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pole-fished tuna canned in the Azores


The prejudices about canned tuna

We can all remember the scandals when it became common knowledge that the tuna fishery had a bycatch of dolphins and that these dolphins were included in the tuna fish. Canned dolphin was a standard line when mentioning canned tuna, and the prejudice is alive and well. Later, the sometimes high content of heavy metals in tuna (and other predatory fish) came to light, and made tuna even more unpopular in the general consciousness. Despite this, tuna is still one of the world's most popular edible fish, and the tarnished reputation is not always justified.

Why do I love canned tuna?

There are several reasons for this, but the biggest one is that I have always liked preserves. It may sound a bit absurd, but I had a canning club with my grandfather. We ate preserves together and tried to find things that were special or different. It was about exotic cans with food and stories from the warm countries. It stands as one of the fondest memories from my childhood, and means that I am always on the lookout for new preserves. For me, canning is a way of preserving taste and expression in food products, and it is a preservation method that beats all competitors when it comes to preserving freshness and consistency. That's why I bought a can of the most amazing tuna I had ever tasted. A golden can with rod and line fished skipjack tuna. I had sailed across the Atlantic with a group of friends, and when we landed in the Azores, I went in search of canned goods. there are still manufacturers who focus on quality rather than quantity.

pole-fished tuna canned in the Azores

Southern Europe has an exciting tradition in preserves, so the selection is a lot more exciting and varied than we are used to. In contrast to here at home, there are still manufacturers who focus on quality rather than quantity. I found my holy grail in the Azores. A canned tuna that was so clean, so clear and so flavorful in experience that I had to surrender on the spot. But how could this heavenly tuna even be tuna? Wasn't tuna the cheap cans of dolphin meat down from Netto?

The bad reputation

Recent years' strong growth in sushi, in particular, has contributed to the strain on the tuna population, with the Atlantic tuna particularly hard hit. Tuna has become an endangered species of fish, due to demand alone. In addition, tuna is a predatory fish, which means that it accumulates heavy metals throughout its lifetime. This results in older tuna having a sometimes very high content of heavy metals, which we absorb into the body when we eat them. The heavy metals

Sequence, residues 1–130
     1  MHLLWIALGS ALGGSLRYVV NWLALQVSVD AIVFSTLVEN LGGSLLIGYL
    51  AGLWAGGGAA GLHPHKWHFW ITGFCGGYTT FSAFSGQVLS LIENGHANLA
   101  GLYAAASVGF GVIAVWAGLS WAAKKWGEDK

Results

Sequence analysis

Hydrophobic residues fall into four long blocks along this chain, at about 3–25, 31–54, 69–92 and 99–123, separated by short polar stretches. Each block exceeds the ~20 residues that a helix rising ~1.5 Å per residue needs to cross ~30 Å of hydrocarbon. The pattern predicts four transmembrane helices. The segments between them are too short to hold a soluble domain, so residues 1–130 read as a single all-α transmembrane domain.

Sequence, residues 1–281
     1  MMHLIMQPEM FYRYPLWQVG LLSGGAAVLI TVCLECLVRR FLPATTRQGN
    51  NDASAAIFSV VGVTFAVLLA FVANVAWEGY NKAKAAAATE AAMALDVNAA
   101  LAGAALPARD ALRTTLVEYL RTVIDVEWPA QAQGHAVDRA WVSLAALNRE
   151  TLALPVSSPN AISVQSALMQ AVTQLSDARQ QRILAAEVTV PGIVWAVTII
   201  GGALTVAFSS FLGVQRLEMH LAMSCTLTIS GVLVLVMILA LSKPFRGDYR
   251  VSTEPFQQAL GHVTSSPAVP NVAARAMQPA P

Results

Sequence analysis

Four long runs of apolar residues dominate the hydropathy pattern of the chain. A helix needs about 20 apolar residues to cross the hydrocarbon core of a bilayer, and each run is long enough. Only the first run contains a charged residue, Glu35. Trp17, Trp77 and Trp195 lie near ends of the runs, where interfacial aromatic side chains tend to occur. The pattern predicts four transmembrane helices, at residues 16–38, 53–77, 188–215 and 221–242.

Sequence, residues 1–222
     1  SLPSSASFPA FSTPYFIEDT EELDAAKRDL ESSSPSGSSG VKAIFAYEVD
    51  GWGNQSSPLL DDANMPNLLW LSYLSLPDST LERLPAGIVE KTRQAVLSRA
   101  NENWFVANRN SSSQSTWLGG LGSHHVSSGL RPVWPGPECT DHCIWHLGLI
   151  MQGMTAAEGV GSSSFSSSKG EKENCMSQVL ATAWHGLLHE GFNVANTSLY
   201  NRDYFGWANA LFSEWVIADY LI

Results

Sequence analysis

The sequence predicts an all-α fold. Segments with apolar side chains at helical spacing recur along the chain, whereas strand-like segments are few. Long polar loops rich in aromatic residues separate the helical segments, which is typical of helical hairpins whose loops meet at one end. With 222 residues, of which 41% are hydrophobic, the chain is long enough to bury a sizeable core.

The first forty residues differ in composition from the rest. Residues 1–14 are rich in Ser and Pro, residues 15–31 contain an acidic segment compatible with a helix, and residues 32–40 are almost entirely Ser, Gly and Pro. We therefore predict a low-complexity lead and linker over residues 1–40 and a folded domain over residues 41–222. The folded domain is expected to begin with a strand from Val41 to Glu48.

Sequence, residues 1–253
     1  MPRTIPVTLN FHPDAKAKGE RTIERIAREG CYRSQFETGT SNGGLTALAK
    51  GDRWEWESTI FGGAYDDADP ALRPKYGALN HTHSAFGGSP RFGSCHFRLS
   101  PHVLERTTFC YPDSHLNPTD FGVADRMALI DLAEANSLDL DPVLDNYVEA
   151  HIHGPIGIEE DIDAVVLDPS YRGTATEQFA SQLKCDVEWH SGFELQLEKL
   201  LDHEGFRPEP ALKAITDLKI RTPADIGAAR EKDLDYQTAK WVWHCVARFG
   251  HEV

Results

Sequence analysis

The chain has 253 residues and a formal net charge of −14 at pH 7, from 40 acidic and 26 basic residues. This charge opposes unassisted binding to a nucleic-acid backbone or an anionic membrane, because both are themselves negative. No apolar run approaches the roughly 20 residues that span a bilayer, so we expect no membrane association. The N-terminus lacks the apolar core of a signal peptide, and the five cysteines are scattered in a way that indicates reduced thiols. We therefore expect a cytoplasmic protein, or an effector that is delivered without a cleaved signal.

originates from us - not from the cans we put the tuna in - but from the heavy metals, especially methylmercury, that we discharge into the world's oceans. There is the result of humanity's rampant industrialization and associated pollution, as well as naturally discharged mercury from underground volcanoes. All life in the sea contains mercury, but because predatory fish feed on other fish and animals from the sea, they accumulate more in their bodies. This applies to all predators in the sea, from tuna to dolphins. However, the heavy metals in canned tuna do not come from dolphins, if there was any suspicion - when it says Dolphin Safe on the cans, they are dolphin-free. The problem with heavy metals in tuna is greatest in the largest fish. A luxury tuna such as bluefin tuna, which is extremely popular in sushi, can live over thirty years and weigh almost 700 kilos. A fish of that age and size has accumulated heavy metals over a long life, and therefore passes on more heavy metals to the people who eat it.

How do you avoid heavy metals in your salad nicoise?

You cannot avoid heavy metals 100% in fish. But you can do many things to make sure that the fish you eat is healthy and harmless. The skipjack tuna I found in the Azores is an excellent example. The species skipjack (katsuwonus pelamis) belongs to the lowest end of the tuna food chain, and it is a fast-breeding tuna, which contributes to the fact that it is caught younger, so that it has a naturally low content of heavy metals. Due to its good reproductive characteristics and rapid growth, the population is stable and the skipjack is therefore not threatened. It's tuna with a good conscience. The fishermen in the Azores also catch it with rod and line, which means that they only catch the tuna they need and that the only thing they catch is tuna. The most important thing you can do as a consumer is to go for quality over quantity. If you look carefully, you can get tuna that is responsible towards both nature and the consumer.
In fact, the skipjack is both healthy and on the WWF's green list. If you are afraid of bycatch of dolphins (and other animals) in industrial tuna, look for the logos Dolphin Safe and pole and line (inplf) - then you will not get Flipper in your meal.
pole-fished tuna canned in the Azores
Published in MapDiet Magasinet - No. 2 - August 2018

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